All education and experiences are valuable

Laura felt that she graduated with a “useless” degree, but no education is a waste. The BBC recently ran an article titled, “Why ‘worthless’ humanities degrees may set you up for life,which emphasized the employability of and need for liberal arts graduates (Ruggeri, 2019). Because the cost of education is high, it is important to choose educational programs and work experience that develop and build knowledge and transferrable skills. However, as it is difficult to know what the future holds, it is also important to learn how to learn. A degree some may perceive as useless teaches valuable skills such as critical thinking, communication and interpersonal skills.

What you want to be when you grow up does not necessarily need to be planned, because unplanned events are a normal part of career development (Krumboltz, 2009). In a world that continues to evolve due to globalization, technological advancements and automation, it is important to equip clients with knowledge and access to resources that can help them navigate unexpected events or life changes. When clients feel anxious about the changing nature of work, career practitioners can help them view the future with curiosity and build skills of resilience. For instance, clients will benefit from skills of persistence when encountering setbacks as well as flexibility and optimism about the changing nature of work (Mitchell, et al., 1999). Career practitioners can help clients discover that taking risks to build new skills and knowledge can be rewarding.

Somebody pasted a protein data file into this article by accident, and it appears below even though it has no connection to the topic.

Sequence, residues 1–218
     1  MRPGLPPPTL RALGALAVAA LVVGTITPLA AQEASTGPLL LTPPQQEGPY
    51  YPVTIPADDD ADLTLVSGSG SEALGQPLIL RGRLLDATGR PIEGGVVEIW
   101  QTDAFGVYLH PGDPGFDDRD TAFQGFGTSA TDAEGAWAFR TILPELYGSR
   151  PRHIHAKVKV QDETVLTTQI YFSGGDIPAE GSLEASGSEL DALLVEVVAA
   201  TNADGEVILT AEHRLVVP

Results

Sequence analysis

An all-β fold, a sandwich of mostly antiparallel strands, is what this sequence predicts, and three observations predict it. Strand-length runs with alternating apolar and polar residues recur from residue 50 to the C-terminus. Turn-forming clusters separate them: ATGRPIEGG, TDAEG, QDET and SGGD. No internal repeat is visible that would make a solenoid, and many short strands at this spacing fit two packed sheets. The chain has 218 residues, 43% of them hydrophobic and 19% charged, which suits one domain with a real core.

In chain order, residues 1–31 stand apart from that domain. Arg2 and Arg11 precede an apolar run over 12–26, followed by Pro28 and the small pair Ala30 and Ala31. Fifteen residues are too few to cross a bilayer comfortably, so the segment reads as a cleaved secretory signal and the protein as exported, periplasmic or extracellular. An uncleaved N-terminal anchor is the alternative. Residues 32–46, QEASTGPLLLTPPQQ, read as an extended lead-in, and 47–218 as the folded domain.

Next steps

As we concluded our time working together, Laura signed a personal commitment contract outlining several activities she was aiming to complete in the next 12 months. She planned to take a project management course, prepare for and take the CAPM® exam, and continue to modify her resume to reflect her project-management skills and experience. She also identified a humanitarian relief organization that she planned to learn more about. Lastly, I connected Laura with an individual working in the sector for an information interview. Laura was on the right path for creating a promising career.

For recent graduates who realize they need to change direction, career counselling can help clients discover their passion, their transferable skills and labour market information in order to retool when necessary and build on their formal and informal learning experiences.

Connie Covey is a career counsellor at CareerPlan.ca and an adult educator at Athabasca University supporting 100 online learners in career development and adult learning. Covey is pursuing an EdD in workplace and adult learning from the University of Calgary, researching career purpose and meaning.

References

Krumboltz, J. D. (2009). The happenstance learning theory. Journal of Career Assessment, 17(2), 135-154.

Mitchell, K. E., Al Levin, S., & Krumboltz, J. D. (1999). Planned happenstance: Constructing unexpected career opportunities. Journal of counseling & Development, 77(2), 115-124.

Ruggeri, A. (2019, April 2). Why ‘worthless’ humanities degrees may set you up for life. BBC. Retrieved from bbc.com/worklife/article/20190401-why-worthless-humanities-degrees-may-set-you-up-for-life